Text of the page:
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A shark lover's dream

Ropate Valemei
Saturday, April 11, 2015

FIJI has a lot to offer when it comes to adrenalin activities, particularly on a dare to do something dangerously exciting under water.

Imagine diving into a swirling throng of jacks, snappers, groupers and a mix up of about eight different species of sharks such as bulls, tigers, sicklefin lemons, silvertips, grey reefs, whitetip reefs, blacktip reefs and tawny nurses.

This is truly a shark lover's dream come true.

Tourism Fiji global public relations manager Patricia Mallam saod shark dive tourism was a niche and very high yielding segment of Fiji's tourism products.

The demographic of divers, she said, were mostly men who had attained higher education levels (about 60 per cent) with 30-39-year olds who earned within $50,000-$75,000 per year with about 30 per cent allocated for leisure and travel.

She said Tourism Fiji was dedicated to promoting aspects of Fiji that were unique and set the country apart from its competitors in the same set — other tourism destinations similar to Fiji such as Tahiti, Bali and Mauritius.

"Tourism Fiji has made concerted efforts to work with local industry partners to develop the dive industry in Fiji, and have also invested considerably in ensuring presence at international dive shows and tailoring communications tools that serve as a talking point to divers," she said.

Citing a comprehensive study conducted by PEW Environmental Group titled the Socio-economic Value of the Shark Diving Industry in Fiji, Ms Mallam said the shark diving industry contributed $US42million ($F86.1m) to the Fijian economy in 2010.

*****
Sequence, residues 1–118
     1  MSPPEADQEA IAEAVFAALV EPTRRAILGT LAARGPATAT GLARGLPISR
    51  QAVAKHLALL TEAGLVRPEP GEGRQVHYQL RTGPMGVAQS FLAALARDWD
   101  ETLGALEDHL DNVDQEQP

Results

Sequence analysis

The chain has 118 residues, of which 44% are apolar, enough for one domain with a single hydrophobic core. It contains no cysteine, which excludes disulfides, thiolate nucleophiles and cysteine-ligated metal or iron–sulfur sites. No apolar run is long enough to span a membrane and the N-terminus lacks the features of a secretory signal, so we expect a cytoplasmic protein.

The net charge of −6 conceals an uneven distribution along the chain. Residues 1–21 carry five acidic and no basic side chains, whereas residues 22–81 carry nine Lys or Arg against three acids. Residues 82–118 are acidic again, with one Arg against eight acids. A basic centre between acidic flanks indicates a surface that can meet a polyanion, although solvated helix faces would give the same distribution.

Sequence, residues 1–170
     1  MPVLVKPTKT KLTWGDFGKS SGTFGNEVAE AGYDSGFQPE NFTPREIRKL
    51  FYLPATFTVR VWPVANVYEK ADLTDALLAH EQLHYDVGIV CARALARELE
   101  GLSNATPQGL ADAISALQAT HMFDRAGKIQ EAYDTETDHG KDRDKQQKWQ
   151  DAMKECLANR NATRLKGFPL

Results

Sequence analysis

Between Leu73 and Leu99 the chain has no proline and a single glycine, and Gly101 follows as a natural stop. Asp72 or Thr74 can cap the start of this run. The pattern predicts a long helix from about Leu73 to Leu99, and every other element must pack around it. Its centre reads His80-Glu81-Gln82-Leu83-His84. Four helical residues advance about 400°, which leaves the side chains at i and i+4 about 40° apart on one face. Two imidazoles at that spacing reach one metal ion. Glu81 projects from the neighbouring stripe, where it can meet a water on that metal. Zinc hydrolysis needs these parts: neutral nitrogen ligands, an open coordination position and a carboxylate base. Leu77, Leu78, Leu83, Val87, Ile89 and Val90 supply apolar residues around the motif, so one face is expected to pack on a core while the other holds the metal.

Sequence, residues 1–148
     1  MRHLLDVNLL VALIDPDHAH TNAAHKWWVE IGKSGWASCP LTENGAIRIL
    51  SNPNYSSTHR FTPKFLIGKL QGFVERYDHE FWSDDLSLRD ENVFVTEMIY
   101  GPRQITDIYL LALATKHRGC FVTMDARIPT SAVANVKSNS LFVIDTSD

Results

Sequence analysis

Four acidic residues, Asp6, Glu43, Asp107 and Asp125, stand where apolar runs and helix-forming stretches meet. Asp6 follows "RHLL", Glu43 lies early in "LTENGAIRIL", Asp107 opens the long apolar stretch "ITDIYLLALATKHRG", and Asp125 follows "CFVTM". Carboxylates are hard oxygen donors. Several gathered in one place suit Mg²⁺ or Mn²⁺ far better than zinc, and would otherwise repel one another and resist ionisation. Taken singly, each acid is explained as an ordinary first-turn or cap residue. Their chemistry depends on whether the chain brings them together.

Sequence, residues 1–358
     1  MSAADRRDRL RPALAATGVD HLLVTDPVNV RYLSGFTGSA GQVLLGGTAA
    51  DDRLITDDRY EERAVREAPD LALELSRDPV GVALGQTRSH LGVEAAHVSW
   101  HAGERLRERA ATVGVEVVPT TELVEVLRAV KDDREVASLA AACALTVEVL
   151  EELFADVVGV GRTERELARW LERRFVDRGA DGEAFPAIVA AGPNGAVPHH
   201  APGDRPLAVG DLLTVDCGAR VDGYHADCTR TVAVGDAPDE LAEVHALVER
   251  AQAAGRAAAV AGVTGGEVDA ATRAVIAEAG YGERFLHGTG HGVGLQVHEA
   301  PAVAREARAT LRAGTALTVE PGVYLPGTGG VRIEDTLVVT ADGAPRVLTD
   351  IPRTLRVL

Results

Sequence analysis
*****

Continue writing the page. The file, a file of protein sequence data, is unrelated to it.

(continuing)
Ms Mallam said this revenue came from 49,000 divers or 78 per cent of the total 63,000 tourists who visited Fiji to dive in that year.

"Tourism Fiji is working very closely with industry partners, such as the Fiji Hotels and Tourism Association's dive committee to elevate Fiji as an ideal diving destination, not just for sharks, but also for the endemic marine life and pristine ecosystems found in parts of Fiji. One such initiative is the dive expo being held on Mana Island for all dive operators in Fiji."

About 75 sharks and ray species inhabited the waters of the Fiji, she said.

According to the International Union for Conservation of Nature Red List of threatened species, 66 per cent of those species were globally threatened or near threatened. Although Fiji had implemented strong measures to safeguard the marine environment, she said there were no specific protections for sharks.

"Over the past two years, several countries including Palau, the Maldives, Honduras, the Bahamas, and the Marshall Islands have created sanctuaries and prohibited commercial shark fishing to protect these species in their waters," she said.

Fiji's shark dive has gained incredible momentum in the Chinese dive industry and has rightfully received the "best shark diving destination" award at the Dive Resort Travel Expo in Shanghai this week.

Another major dive event attended by Tourism Fiji and partners, Ms Mallam said was the Diving Equipment and Marketing Association show in Florida, US later this year — which attracts about 11,000 buyers and exhibitors specifically related to dive tourism. She said Pacific Harbour was the most famous shark diving destination in Fiji as it offered the opportunity of reliable sightings of a number of species of large sharks.

"Bull (Carcharhinus leucas) and tiger sharks (Galeocerdo curvier) represent the main attraction for tourists diving in the area, with 120 and five individuals of these species identified at one of the principal dive sites respectively."

Notably, she said abundant soft corals constituted the main drawcard for divers to Fiji as it was known as the "Soft Coral Capital of the World". However, she said, operators also advertised shark diving based on opportunistic sightings at certain dive sites.

On Vanua Levu, she said a dedicated shark dive focuses on scalloped hammerhead sharks (Sphyrna lewini) was offered by three dive operators in the area.

n Next week: Shark

conservation efforts.

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